Can HR get ahead of rising whistleblowing, ageism complaints?

Legal experts predict challenges will come with the graying workforce and increasingly litigious society.
By: | August 24, 2021

When a federal jury in Portland, Ore., recently awarded Suzanne Ivie $2.4 million in damages over her firing from AstraZeneca, it marked the convergence of two legal trends that are catching the attention of HR departments. Her mixed verdict on whistleblower and age-discrimination claims mirrors developments across the workplace and portends more litigation on multiple battlefronts in coming years as the workforce ages and society grows increasingly litigious.

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The former executive-level district sales manager prevailed under Oregon’s whistleblower statute for exposing a scheme to “off-label” market anti-inflammatory drugs for unapproved uses, with the jury deciding the global pharmaceutical company had retaliated against her.

However, Ivie’s attorneys were unable to convince the jury that her firing over a failure to meet mandatory coaching guidelines for which younger employees who committed the same breach weren’t fired was a result of age discrimination. They also argued that a new supervisor started calling her “Benatar” in a ridiculing manner after 1980s rock singer Pat Benatar, now 68.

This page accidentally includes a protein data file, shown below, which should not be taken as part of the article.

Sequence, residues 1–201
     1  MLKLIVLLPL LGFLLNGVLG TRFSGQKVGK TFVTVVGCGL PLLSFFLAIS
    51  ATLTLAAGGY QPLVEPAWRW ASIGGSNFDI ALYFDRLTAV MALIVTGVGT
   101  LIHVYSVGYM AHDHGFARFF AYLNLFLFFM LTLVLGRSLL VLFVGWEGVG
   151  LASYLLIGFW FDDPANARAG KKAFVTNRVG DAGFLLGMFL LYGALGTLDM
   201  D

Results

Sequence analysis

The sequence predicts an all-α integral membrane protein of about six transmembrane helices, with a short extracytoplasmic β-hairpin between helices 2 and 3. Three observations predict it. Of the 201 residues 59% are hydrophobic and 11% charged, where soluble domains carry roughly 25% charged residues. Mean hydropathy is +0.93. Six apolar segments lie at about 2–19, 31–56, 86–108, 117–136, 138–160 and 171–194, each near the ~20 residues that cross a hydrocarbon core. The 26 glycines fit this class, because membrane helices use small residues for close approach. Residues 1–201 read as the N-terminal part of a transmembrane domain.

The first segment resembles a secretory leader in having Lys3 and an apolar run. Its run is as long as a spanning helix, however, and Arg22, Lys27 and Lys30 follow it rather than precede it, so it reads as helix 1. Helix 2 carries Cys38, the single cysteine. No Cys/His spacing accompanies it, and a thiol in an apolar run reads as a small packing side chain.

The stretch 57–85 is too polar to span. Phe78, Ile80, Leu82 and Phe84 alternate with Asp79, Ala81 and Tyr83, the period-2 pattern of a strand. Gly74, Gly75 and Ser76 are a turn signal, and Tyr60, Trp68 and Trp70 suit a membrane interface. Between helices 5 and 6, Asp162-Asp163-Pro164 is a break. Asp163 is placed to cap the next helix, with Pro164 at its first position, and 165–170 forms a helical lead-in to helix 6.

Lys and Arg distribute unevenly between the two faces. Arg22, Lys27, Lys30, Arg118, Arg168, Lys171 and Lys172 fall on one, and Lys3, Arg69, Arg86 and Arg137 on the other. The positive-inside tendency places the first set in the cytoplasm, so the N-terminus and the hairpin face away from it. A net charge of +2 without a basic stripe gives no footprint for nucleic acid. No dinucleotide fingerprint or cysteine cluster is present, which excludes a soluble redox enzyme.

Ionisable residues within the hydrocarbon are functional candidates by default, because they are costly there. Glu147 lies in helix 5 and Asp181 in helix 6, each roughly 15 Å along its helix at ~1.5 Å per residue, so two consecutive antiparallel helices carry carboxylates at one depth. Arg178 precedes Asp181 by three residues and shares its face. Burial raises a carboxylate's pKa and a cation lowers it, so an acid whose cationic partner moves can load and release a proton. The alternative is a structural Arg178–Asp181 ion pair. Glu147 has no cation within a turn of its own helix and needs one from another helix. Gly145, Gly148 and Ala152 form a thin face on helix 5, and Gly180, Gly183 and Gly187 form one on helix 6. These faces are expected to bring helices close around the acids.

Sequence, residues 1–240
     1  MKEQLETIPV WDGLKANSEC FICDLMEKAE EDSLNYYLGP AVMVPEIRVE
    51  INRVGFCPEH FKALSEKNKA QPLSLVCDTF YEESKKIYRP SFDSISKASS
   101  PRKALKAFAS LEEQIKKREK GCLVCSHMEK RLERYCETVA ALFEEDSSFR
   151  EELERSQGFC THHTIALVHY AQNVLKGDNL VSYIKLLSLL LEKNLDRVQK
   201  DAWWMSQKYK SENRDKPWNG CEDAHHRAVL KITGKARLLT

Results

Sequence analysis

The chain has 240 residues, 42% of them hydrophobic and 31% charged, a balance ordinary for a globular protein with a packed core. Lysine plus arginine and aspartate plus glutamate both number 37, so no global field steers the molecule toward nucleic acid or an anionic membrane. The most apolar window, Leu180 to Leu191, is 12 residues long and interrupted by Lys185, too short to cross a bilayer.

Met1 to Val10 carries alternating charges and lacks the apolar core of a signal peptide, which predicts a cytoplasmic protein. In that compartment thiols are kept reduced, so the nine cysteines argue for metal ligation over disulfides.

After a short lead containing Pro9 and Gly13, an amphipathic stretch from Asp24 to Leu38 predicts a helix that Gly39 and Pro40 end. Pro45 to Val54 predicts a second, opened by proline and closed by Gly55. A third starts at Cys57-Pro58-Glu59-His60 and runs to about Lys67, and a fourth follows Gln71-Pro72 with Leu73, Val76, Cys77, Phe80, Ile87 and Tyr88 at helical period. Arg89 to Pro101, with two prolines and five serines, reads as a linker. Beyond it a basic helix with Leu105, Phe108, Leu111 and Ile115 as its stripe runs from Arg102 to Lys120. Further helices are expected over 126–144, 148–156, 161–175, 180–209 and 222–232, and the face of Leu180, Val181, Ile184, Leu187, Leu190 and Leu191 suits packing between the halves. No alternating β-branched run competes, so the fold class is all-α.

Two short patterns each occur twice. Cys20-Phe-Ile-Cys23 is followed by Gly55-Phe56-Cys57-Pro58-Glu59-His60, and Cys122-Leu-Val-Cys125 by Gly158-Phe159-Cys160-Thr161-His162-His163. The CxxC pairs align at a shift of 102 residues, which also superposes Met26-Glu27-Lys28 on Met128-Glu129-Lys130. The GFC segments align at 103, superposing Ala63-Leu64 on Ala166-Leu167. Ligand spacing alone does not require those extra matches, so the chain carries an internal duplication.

“An employee often does have multiple claims,” explains Anita Chambers, a principal of The Employment Law Group, which represented Ivie in her lawsuit against AstraZeneca. “There is definitely retaliation in the workplace, and employers need to be very vigilant about it.”

Anita Chambers

In fact, retaliation claims to the Equal Employment Opportunity Commission have more than doubled over the past two decades, soaring from 22.6% of all claims in fiscal year 1997 to nearly 56% of all claims in 2020. Age-discrimination claims during that time have edged up slightly from 19.6% to 21%, the EEOC reports.

See also: Get ready for some legal headaches with your hybrid workforce

More than half of workplace discrimination complaints filed with the EEOC last year involved retaliation—an outcome that numerous types of whistleblower laws seek to prevent. What’s important for HR leaders to realize is that employees with grievances are entitled to protection against retaliation, even if their claim is unfounded, according to says Sara Jodka, a member of the Dickinson Wright law firm. And as such, they need to document their response to those allegations.

In the Ivie case, Chambers reports that there was no documentation to support AstraZeneca’s claim that retaliation was investigated. Noting that the jury ruled in its favor on five of six claims, an AstraZeneca spokesperson says the company “remains committed to maintaining an inclusive culture that does not tolerate acts of discrimination or retaliation.”

Related SCOTUS: Is ‘OK, boomer’ quip enough to show age discrimination?

Amie Remington, general counsel for LandrumHR, hasn’t ever seen a discrimination claim before the EEOC or state agency in her 25 years of practicing law that was not accompanied by a retaliation claim. Her recommendation to HR pros is that they brush up on general retaliation violations and standards and ensure that it’s not ever being allowed.

What’s driving litigiousness?

Whistleblower claims are increasing for several reasons. “People are a lot more inclined to speak their mind these days, and a lot of it is attributable to social media,” Jodka says. She predicts all types of employment litigation will continue to rise in the coming years, citing employees’ strong belief that freedom-of-speech rights are very broad and an onslaught of information that is helping educate people about laws that protect them.